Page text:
(3) The breaking of bread was also a divinely commanded item of worship. We have already observed when this was done. It was done on the first day of the week (Acts 20:7). The early church continued steadfastly in the “breaking of bread.” The expression “breaking of bread” in the New Testament frequently refers to the partaking of the Lord’s Supper. Paul commands that they eat “discerning the body,” else they eat and drink condemnation to themselves. This is another comment upon the “manner” of worship. For if one did not worship in sincerity, his worship was void. They ate of bread, and drank of the fruit of the vine in observing the Lord’s Supper. This eating of bread and drinking of the fruit of the vine meant something to Christians; it reminded them of the body and the blood of Christ. In 1 Cor. 10:16, Paul says, “The cup of blessing which we bless, is it not a communion of the blood of Christ? The bread which we break, is it not a communion of the body of Christ?” It also reminded them that Jesus would come again. 1 Cor. 11:26 says, “For as often as ye eat this bread, and drink the cup, ye proclaim the Lord’s death till he come.”
(4) The New Testament church was a singing church. There are many statements in the scriptures that indicate that the early church sang as a part of its worship. Paul commands, “Let the word of Christ dwell in you richly; in all wisdom teaching and admonishing one another with psalms and hymns and spiritual songs, singing with grace in your hearts unto God” (Col.. 3:16). And in a very similar passage, the same writer says, “speaking one to another in psalms and hymns and spiritual songs, singing and making melody with your heart to the Lord” (Eph. 5:19). There are several other commands and statements in the Bible which indicate that singing was a part of the worship in the early church.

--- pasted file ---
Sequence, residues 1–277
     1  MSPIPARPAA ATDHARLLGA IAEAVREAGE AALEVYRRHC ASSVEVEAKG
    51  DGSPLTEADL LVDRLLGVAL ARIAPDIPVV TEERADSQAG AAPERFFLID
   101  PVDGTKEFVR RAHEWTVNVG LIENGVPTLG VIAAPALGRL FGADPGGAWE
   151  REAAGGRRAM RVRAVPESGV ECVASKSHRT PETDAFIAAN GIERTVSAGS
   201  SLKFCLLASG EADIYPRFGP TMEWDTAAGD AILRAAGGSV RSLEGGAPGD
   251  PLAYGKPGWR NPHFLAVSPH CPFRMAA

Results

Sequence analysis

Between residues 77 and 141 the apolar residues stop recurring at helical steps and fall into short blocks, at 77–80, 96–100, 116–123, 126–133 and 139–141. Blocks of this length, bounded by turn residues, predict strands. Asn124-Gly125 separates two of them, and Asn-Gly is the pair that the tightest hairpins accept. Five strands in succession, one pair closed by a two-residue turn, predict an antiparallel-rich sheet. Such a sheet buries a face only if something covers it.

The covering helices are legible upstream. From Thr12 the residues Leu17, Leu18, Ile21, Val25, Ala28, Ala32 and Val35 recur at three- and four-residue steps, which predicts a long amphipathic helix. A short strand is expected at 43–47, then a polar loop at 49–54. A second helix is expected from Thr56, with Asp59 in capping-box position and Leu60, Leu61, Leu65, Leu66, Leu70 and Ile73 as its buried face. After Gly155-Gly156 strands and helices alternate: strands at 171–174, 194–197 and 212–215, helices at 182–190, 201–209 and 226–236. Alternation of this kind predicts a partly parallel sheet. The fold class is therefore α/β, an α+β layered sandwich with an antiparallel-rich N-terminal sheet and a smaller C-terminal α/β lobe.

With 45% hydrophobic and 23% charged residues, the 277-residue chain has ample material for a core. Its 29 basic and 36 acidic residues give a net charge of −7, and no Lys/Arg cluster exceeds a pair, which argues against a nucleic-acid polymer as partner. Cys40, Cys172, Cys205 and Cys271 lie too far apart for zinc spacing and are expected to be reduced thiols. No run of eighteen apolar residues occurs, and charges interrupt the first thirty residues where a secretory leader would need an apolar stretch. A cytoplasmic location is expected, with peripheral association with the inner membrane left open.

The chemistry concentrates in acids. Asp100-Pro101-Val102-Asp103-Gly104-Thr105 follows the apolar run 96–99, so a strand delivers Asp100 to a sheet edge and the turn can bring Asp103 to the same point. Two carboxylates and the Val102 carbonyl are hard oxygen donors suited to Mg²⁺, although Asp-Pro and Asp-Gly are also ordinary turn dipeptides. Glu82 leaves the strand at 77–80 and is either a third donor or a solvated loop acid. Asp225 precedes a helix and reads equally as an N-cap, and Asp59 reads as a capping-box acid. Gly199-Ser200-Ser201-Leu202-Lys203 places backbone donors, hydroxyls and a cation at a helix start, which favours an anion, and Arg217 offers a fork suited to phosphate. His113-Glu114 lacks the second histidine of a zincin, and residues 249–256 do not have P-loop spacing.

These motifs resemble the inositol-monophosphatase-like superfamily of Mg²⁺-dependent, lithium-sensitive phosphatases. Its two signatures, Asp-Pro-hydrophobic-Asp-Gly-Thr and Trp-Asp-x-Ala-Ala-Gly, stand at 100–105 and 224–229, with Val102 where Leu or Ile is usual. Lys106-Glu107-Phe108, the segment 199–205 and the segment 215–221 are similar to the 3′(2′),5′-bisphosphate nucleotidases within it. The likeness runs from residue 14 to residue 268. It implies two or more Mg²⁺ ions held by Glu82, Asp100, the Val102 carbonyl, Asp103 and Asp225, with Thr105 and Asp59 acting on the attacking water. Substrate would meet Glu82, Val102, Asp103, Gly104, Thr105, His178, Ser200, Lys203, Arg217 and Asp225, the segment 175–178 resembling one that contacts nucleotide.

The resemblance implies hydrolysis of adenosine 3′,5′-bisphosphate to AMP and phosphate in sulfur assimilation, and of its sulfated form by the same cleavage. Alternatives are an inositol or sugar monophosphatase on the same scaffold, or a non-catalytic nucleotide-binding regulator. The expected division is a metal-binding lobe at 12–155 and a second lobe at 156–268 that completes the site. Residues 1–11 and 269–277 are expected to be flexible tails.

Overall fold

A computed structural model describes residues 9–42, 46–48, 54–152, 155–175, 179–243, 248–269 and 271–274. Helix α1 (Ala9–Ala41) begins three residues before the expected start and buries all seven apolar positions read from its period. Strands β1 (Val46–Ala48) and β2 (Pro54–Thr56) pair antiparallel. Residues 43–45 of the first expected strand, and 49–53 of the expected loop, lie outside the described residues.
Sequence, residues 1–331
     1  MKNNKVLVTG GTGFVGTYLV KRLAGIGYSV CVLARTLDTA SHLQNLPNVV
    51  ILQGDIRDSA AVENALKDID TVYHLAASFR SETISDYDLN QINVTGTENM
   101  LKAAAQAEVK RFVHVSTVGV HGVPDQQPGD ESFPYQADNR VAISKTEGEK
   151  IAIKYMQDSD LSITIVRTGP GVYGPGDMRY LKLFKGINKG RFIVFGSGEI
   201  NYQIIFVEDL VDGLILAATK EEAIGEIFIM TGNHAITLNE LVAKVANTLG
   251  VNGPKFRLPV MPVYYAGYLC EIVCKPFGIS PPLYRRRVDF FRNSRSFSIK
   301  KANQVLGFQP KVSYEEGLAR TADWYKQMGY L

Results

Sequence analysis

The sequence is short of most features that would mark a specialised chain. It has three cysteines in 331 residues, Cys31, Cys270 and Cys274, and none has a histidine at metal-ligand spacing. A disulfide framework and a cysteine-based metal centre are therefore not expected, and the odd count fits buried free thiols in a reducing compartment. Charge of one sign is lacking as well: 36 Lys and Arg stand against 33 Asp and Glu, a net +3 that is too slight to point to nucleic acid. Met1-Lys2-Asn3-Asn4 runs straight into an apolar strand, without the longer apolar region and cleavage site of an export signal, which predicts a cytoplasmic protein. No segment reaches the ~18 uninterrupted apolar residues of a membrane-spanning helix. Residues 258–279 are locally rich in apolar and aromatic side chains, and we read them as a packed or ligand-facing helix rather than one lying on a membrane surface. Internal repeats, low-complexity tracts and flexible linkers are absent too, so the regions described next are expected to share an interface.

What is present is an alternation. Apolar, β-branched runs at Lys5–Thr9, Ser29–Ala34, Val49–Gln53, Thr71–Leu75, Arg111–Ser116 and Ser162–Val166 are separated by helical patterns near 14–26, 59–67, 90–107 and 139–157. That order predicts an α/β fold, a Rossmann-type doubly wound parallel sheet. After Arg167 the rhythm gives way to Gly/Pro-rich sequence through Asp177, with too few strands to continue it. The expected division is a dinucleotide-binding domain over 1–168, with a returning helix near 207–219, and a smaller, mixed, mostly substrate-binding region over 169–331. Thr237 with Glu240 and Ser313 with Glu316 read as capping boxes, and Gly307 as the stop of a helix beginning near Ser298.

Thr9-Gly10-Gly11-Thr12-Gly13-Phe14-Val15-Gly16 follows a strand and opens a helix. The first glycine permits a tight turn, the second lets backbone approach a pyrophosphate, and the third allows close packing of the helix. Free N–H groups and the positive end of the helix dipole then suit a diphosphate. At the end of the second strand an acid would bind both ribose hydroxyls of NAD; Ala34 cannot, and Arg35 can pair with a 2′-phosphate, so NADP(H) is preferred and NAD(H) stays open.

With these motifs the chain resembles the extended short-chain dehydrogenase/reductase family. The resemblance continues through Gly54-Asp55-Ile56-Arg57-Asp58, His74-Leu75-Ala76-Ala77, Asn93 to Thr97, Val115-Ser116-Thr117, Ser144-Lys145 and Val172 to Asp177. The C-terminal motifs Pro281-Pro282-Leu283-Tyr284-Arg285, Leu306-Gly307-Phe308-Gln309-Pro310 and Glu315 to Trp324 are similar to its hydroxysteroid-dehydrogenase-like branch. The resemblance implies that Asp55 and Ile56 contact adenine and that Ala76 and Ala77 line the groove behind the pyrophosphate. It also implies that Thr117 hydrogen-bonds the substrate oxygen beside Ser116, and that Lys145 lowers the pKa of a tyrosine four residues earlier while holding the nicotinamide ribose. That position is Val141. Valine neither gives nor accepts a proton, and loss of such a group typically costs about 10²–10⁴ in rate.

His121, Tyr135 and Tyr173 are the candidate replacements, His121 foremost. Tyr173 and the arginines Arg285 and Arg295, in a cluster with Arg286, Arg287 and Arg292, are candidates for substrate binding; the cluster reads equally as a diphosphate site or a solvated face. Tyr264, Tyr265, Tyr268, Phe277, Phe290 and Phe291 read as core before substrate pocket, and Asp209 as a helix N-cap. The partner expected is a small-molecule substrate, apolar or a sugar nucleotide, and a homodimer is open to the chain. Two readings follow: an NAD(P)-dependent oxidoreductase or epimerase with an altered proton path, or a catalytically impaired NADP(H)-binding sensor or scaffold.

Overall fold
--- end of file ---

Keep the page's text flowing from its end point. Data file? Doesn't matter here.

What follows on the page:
People today seem to think it is a matter of little consequence to change God’s prescribed order of worship. What would people think if I were to suggest that we have bread and the fruit of the vine on the Lord’s table, but that we also have something else. Suppose I suggested a third item to be used in the Lord’s supper. All would object to this for it would be changing a divinely given ordinance. But men and women today seem to think nothing at all is wrong when they add something to God’s command to sing. When mechanical instruments of music are employed in worshipping God, man has added something other than that which God commanded. To man, this would likely be a matter of little importance, but it is of grave importance for one of us to add to the commandment of God. God commanded that the music in the church be singing, and that only.
(5) Giving was also a part of the worship in the church one can read about in the Bible. Luke says they continued stedfastly “in the fellowship,” (Acts 2:42). Almost all commentators take this expression, “in the fellowship,” to mean that they continued to give of their means, their money, on the first day of the week. We have already read from 1 Cor. 16:2 where Paul commanded them to lay by in store on the first day of the week as God had prospered them.
The church is a divine organization in which man is to worship God. So the worship is divinely appointed. It is to be rendered in (1) the divinely appointed place-the church; (2) at the divinely appointed time-“The Lord’s Day;” (3) in the divinely appointed manner-in spirit or from the heart; (4) and yet we must do the divinely appointed acts of worship: Praying, tudying the Scriptures, partaking of the Lord’s supper, singing, and giving. In the divine church, we must worship according to the divine pattern.
Truth Magazine XIX: 13, pp. 195-197
February 6, 1975